Interested in a sociology degree but not sure where it could lead? Here are some career paths that may surprise you.
Why does one community turn to its church in times of crisis, while another riots in the street? Why are some women less likely than others to get a mammogram? What influences certain employees to join a union? How does fast food change the family dynamic? What is the root cause of social unrest?
Since the 1800s, sociologists have been studying the interactions and behaviors of people in groups – from married couples and small friendship circles to major corporations and ethnic groups. Their subject matter is diverse, ranging from crime and religion to the family, the state and divisions of race and social class.
That’s good news if you’re considering an online degree in sociology.
A versatile degree program
Graduates can put their unique expertise to work in many different types of sociology careers. Dr. Janis Prince, assistant professor and lead faculty in sociology at Saint Leo University, says it’s a degree that is both versatile and flexible.
“Today, most people will change jobs and careers several times over the course of a long work life,” she says. “A degree in sociology is useful because of its flexibility – students who study sociology learn a wide variety of skills that may be applied to many job types.”
According to the American Sociological Association (ASA), about 25 percent of sociology graduates go on to work in social service-related jobs. Some become teachers or managers; some work in sales.
In reality, sociology grads are everywhere. If you’re considering an online sociology degree program, here are a few jobs you may not have thought about where you could put your skills to work.
Political Campaign Coordinator
Did you know that Jesse Jackson and Martin Luther King were sociology majors? You might be surprised to know that many politicians and national leaders have backgrounds in sociology.
As a political campaign coordinator, you could help identify key issues and critical neighborhoods for your candidate as well as voting trends in target areas. You could prepare a report detailing characteristics of the district and what has happened in past elections. You might also research what transportation is available to get voters to the polls on election day – and how likely they are to use it.
Public Relations Manager
Public relations managers are masters at communicating with diverse audiences on a wide range of topics – some positive, some neutral, some negative and some emotionally charged, such as a night club moving into a residential area.
Who better to craft those communications and evaluate response than a sociology grad who understands and studies group human behavior? With their unique ability to analyze, predict and explain human behavior, sociologists bring important skills to the public relations field.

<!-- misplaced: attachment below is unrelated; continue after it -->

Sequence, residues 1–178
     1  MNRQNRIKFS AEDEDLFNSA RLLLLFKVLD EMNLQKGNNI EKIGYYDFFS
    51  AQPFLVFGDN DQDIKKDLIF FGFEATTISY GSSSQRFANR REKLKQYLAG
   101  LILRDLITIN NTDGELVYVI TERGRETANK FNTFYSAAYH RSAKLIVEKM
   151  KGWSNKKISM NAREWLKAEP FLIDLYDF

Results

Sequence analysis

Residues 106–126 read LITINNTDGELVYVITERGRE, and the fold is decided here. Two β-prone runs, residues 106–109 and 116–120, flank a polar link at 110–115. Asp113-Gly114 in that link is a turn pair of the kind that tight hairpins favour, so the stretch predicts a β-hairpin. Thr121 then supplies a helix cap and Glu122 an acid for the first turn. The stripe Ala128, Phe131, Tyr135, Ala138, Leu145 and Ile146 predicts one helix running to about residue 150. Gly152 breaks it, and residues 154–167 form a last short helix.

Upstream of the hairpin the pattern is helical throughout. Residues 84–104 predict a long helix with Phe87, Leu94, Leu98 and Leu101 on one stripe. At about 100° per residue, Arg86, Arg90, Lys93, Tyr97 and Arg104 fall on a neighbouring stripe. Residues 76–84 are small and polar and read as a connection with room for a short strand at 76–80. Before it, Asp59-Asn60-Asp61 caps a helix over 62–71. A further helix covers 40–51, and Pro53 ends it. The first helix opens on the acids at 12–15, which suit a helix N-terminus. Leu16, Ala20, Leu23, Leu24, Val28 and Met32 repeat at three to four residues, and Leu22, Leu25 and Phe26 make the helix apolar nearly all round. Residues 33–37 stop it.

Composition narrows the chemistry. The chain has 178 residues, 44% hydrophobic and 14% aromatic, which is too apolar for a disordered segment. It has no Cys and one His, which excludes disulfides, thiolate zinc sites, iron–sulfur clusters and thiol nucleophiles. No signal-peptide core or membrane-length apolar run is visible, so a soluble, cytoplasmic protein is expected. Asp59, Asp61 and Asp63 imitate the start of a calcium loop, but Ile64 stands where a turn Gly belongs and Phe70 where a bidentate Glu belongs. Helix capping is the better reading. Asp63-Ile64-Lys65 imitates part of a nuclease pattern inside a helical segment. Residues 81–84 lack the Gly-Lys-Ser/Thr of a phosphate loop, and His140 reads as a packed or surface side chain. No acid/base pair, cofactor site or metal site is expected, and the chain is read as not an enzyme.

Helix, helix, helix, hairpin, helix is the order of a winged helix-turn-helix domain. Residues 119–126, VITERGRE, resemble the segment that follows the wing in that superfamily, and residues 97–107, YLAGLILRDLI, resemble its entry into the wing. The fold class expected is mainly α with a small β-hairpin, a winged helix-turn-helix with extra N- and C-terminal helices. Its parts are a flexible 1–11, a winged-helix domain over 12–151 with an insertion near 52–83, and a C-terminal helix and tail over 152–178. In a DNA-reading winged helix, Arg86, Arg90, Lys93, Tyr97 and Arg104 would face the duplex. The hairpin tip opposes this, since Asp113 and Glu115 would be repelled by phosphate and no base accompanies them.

Human Resources Manager
As a sociology student, you gain vast insight into the way groups of people at different skill levels interact and how race, gender and culture come into play in the various settings, such as the workplace. That knowledge is invaluable for developing programs and policies that affect employees at every level of an organization, and is critical for dealing with issues between individual employees and groups of employees.
As a human resource manager, you could put your knowledge about group behavior to use to help guide a company through challenging times, such as a layoff, natural disaster, product recall or labor dispute.
FBI/Homeland Security Agent
Your sociology degree could be a stepping stone to a career defending our nation against threats.
Experienced sociology grads at the Department of Homeland Security, for instance, work to understand terrorist motivation and behavior. They tackle topics such as understanding the roles of communities and organizations in moving individuals toward or away from radicalization, identifying hostile intent, and helping communities prepare for and respond to catastrophic events. In addition, they inform research that leads to new technologies that are not only effective, but publicly acceptable.
In the FBI, sociologists enjoy careers as criminal profilers, studying crimes to reconstruct what may have happened or formulate a theory about what could happen next.
What do stakeholders – employees, consumers and managers – think about a company’s brand or product, and how will their opinions impact the bottom line? Understanding the processes that consumers go through in developing loyalty to a product or brand is vital to ensure its success.
Sociology graduates who work in advertising agencies analyze, predict and research consumer behavior. For example, you could conduct focus groups to determine if customers are receptive to the design of a new company logo, or introduce and provide free samples of a new product at a cultural event to gauge response.
Are you a sociology graduate with an interesting career? Tell us about your experience.
Image Credit: EKS on Shutterstock.com
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